Slasher Girls & Monster Boys edited by April Genevieve Tucholke. Releases from Dial Books in August 2015. This is a short story collection with horror and thriller stories from some of YA’s biggest names! Just take a look at the roster up there, and I’m sure you’ll be familiar with at least one of them. I’m very excited to see Jay Kristoff’s name on this list, as well as Cat Winters and A.G. Howard:-D Here’s the description from Goodreads:

For fans of Stephen King, Neil Gaiman, Lois Duncan, and Daphne Du Maurier comes a powerhouse anthology featuring some of the best writers of YA thrillers and horror

A host of the smartest young adult authors come together in this collection of scary stories and psychological thrillers curated by Between the Devil and the Deep Blue Sea’s April Genevieve Tucholke.

Each story draws from a classic tale or two—sometimes of the horror genre, sometimes not—to inspire something new and fresh and terrifying. There are no superficial scares here; these are stories that will make you think even as they keep you on the edge of your seat. From bloody horror to supernatural creatures to unsettling, all-too-possible realism, this collection has something for any reader looking for a thrill.

Fans of TV’s The Walking Dead, True Blood, and American Horror Story will tear through tales by these talented authors.

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Let me know what you’re waiting on this week!

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Tammy’s Top Ten Favorite Heroines in Fiction

Top Ten Tuesday new 7-14 copy

 Top Ten Tuesday is hosted by The Broke and the Bookish, and each week they give us a Top Ten theme to blog about. This week it’s heroines! We all love our heroines, right? It seems there are so many great heroines these days, that it was hard to narrow this list down to only ten. But I did, and here are my choices (in no particular order):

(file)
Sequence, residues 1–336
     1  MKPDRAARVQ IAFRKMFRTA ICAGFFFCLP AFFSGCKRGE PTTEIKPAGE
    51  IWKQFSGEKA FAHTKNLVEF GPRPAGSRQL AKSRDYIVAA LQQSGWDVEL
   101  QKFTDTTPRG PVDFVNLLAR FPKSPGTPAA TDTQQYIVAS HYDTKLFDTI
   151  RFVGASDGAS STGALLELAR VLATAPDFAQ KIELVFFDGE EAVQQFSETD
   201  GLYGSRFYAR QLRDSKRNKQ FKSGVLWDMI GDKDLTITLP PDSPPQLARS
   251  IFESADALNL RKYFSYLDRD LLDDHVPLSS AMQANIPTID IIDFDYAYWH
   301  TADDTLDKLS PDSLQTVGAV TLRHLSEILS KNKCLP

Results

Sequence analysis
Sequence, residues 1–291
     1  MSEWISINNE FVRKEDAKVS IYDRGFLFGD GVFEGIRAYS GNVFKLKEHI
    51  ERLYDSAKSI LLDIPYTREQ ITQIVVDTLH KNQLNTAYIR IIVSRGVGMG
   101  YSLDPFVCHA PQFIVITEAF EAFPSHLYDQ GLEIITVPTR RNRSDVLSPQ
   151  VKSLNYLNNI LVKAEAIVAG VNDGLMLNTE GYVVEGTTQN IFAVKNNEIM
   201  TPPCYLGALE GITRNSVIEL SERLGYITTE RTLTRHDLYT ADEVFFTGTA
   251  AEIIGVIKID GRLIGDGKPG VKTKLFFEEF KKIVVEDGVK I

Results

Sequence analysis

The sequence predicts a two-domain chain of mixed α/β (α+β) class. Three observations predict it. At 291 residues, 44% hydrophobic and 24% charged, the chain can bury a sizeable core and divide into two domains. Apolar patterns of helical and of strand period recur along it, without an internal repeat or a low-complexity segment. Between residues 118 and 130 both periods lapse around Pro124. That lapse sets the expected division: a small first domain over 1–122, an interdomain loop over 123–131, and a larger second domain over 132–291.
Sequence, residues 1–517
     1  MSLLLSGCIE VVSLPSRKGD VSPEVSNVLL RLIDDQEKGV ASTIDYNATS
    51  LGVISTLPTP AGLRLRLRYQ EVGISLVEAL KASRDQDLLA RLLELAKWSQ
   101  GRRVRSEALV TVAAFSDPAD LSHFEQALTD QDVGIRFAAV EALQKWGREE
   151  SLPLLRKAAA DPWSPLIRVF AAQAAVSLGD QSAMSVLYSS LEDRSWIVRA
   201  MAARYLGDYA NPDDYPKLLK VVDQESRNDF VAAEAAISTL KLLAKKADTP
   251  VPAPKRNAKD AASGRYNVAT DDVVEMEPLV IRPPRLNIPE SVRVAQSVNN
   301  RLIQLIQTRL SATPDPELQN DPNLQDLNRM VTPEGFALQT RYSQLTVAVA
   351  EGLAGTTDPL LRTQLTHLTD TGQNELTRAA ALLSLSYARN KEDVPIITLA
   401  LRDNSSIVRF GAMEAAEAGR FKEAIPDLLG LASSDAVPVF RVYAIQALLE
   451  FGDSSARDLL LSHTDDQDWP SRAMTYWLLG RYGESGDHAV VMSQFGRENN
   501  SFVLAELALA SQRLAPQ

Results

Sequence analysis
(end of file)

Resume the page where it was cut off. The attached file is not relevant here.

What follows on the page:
1. Yukiko from The Lotus War series by
Jay Kristoff

I mean, just look at her! She’s a small girl with a big sword, not to mention a big heart. Yukiko stole my heart in Stormdancer, and she never lost her charm throughout the entire series.

2. Sydney from Vicious by V.E. Schwab

Vicious is a very special book, it’s probably one of my all-time favorites, and Sydney was one of those characters that you hope you’ll find again someday, in a different book. I just adore her. I don’t want to tell you too much about her, if you haven’t read Vicious yet (and why haven’t you??), but let’s just say she has a dog she loves, and her special power is bringing back the dead.

3. Nora & Skelly from The Blue Blazes by
Chuck Wendig

The Blue Blazes

Chuck Wendig always writes strong and interesting female characters, and The Blue Blazes has two of my favorite heroines ever. Nora is an angry, unpleasant woman and has a very complicated relationship with her father, Mookie Pearl. But I fell in love with her anyway. (Wendig seems to have a talent for that!) Skelly belongs to a girl-gang called the Get-Em-Girls, gets around on roller skates, and was an all around fun character to read about.

4. Elizabeth Barnabus from The Bullet-Catcher’s Daughter by Rod Duncan

The Bullet Catcher's Daughter

This book was such an unexpected surprise! If you love steampunk and characters with moxie, you should read this if you haven’t already. Elizabeth leads a secret dual life that I can’t tell you about here, so you’ll just have to pick up the book! She’s a mistress of illusion and carries a battered suitcase around with her. I mentioned in my review that Duncan has perfectly captured a female protagonist’s voice, unlike any male writer I’ve ever come across.

5. Maude from the Golgotha series by R.S. Belcher

I loved Maude for her Buffy-esque characterization. She’s a warrior with a great burden who will eventually pass her knowledge and skills on to her daughter. Such a great series, I hope Belcher is working on Book #3!

6. Widdershins from the Widdershins Adventures by Ari Marmell